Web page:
White Clover, Dutch white clover, honeysuckle clover, white trefoil, purplewort
Description: herbaceous perennial
Place of origin: Eurasia
Urban habitat: commonly found in minimally maintained lawns in residential, commercial, and public landscapes, along roadway margins, in vacant lots, rubble dumps, and in urban meadows, it grows well in full sun in a variety of soil types.
Ecological function: disturbance-adapted ground covering colonizer; capable of improving soil quality by fixing nitrogen; source of nectar for pollinating insects and food for wildlife.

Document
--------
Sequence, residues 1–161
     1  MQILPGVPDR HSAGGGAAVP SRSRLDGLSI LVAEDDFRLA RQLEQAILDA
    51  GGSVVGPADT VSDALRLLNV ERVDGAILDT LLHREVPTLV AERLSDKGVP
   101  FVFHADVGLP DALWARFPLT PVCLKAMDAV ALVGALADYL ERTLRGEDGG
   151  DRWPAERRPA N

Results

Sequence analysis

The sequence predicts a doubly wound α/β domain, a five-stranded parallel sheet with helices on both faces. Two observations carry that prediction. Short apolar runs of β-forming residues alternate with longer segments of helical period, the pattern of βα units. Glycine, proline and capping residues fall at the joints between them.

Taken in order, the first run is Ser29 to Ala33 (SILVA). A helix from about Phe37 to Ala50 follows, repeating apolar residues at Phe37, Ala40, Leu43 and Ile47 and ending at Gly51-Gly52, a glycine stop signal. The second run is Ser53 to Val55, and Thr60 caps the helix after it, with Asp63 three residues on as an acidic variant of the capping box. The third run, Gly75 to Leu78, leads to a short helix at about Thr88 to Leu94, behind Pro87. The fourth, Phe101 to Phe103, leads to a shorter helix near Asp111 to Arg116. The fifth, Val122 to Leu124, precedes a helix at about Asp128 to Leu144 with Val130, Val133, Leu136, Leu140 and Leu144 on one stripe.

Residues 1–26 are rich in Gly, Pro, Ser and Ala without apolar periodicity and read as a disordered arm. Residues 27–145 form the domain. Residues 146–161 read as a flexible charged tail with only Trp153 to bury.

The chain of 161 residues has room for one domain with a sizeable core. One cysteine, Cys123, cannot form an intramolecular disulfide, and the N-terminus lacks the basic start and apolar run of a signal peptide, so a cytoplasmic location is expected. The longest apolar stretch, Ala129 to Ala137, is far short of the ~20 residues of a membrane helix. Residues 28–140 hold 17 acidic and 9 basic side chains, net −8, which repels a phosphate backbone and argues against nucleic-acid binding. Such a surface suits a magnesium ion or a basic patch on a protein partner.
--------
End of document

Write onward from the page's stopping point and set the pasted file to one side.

History: Trifolium repens has been used in North America as forage for grazing animals since the 1700s, indicating its early introduction from Europe. It is found throughout the US, in most parts of Canada and in Greenland. The Cherokee and Iriquois used an infusion of the plant for treating fever, colds, coughs, asthma, liverspots, ophthalmological problems, vaginal infections, and kidney ailments. The plant has also been used to treat rheumatism, gout, used as a purifier and a tonic. The plant is edible raw or cooked and has been consumed in salads, soups, as like a vegetable. Its seeds and dried flowers can be ground into a flour to make bread and its dried leaves are said to add a vanilla-like taste to cakes. Its dried flowers have also been brewed to make a tea-like beverage.